The media printed: "(Expletive) a boston bominb wait till u see the (expletive) I do, I’ma be famous"
The actual line is: "(Expletive) a boston bominb wait till u see the (expletive) I do, I’ma be famous rapping"
One simple word changes the entire meaning of what you read in a headline. Another example of leaving things out to make you think a certain way, is when the media reported that many of the pictures Cammy Dee posted on Facebook were so terrible that they couldn't show them on TV. They did describe the pictures though, reporting that they included hings like a "wanted dead or alive" poster of himself, obscenity, and satanic imagery.
Well, we are not afraid to show those pictures here. After all, this is why people choose underground media sources like this one. We the underfunded independent media broadcasting from basements, public libraries, and Barnes & Noble cafes are not afraid of controversy. We will go out on a limb here now, and show you this disturbing imagery.
Another media source reported that the teen's Facebook page showed he has "unusual interest in gangs, violence and a criminal lifestyle."
Unusual? Maybe someone missed the last quarter-century or they just forgot that before Ice-T was a TV detective, he was the Original Gangster of free speech, that DMX got the white bitches sayin's it a black thang, and that Wu-Tang Clan Ain't Nuthin' Ta F Wit'. White kids from the suburbs have been emulating rap culture since Ice Cube was Jackin' For Beats and Cypress Hill effed up his good day.
It could be said that perhaps people should not be emulating rap-music culture. Some might argue that it has been morally destructive to the fabric of our society. But it is never popular ideas that need to be protected, and rap music has been there to remind us of that. Even if it serves no other purpose than to offend, it still cries out "we are free to say what we please."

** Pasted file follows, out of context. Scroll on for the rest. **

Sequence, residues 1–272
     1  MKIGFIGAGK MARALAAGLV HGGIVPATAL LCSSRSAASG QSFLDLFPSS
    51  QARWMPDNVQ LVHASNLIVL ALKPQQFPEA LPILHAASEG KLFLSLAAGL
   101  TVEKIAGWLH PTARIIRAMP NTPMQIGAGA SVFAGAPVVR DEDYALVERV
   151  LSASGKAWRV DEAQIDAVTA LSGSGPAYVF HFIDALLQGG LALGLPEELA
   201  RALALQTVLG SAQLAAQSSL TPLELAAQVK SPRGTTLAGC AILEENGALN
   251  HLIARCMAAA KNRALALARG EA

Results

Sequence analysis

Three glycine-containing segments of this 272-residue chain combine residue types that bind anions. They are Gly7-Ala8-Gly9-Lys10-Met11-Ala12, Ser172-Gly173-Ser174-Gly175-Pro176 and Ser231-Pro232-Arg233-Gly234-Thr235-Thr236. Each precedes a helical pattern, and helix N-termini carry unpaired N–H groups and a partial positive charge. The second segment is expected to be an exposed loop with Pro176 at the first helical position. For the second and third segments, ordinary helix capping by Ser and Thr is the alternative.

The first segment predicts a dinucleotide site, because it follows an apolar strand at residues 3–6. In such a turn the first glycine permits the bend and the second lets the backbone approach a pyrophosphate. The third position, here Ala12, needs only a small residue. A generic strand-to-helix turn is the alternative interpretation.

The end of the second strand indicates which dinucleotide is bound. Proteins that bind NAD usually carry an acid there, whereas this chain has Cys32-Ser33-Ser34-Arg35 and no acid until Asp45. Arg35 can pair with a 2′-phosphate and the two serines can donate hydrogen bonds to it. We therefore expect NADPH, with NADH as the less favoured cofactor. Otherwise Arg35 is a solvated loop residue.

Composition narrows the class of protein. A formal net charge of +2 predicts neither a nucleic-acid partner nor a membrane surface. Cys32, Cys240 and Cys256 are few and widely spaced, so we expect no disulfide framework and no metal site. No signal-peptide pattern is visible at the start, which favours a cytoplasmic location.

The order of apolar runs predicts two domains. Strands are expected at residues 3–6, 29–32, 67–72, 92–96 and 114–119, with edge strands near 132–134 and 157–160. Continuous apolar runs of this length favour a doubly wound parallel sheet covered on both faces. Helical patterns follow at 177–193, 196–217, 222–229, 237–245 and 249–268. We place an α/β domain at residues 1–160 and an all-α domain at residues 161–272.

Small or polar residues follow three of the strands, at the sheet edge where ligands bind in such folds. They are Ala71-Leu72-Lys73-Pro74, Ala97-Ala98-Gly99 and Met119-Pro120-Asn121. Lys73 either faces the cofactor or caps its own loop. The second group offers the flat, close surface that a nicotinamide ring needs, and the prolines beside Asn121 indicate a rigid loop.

Have we come to the point where morality can be put on trial? Let's not forget here too, that ideas like speaking against the King were once considered a crime, that it was once immoral for a black and whites to have physical relations, and that even elevator Jazz was once considered to be the devil's music.
It's also possible that this young guy might have been having a problem, and used his rap lyrics as a veiled cry for help, or at least an expression of a seething anger festering inside of him. It certainly appears as if he has reason to be angry, very angry. There are a lot of things going wrong in our society, a lot of things that are wrong with our government too. People should be angry. Angry at things like seeing a teenager facing more time in prison than he has spent on this Earth, for the "crime" of expressing himself. Rather than sending him to face a life-ruining felony, perhaps justice and morality would have been better served if a police officer put the young man in contact with a mental health counselor, rather than putting him through an ordeal like this. An ordeal that is sure to have a permanent impact on his life, and which is sure to have a strong influence in defining the old man this young man turns out to be.
This is also a defining point for America, for our society, for the liberty prescribed by the Founding Fathers of this nation. Or perhaps another defining point, would more accurately describe it, as the assaults against our Constitution seem relentless now, particularly against free speech.
Check out this article on internet censorship:
Book Burning In the Digital Age... and so it begins
And learn about a man who risked 21 years in prison to report the news:
Freedom of Speech Now A Felony In America
To show your support for Cameron D'Ambrosio visit:
Center for Rights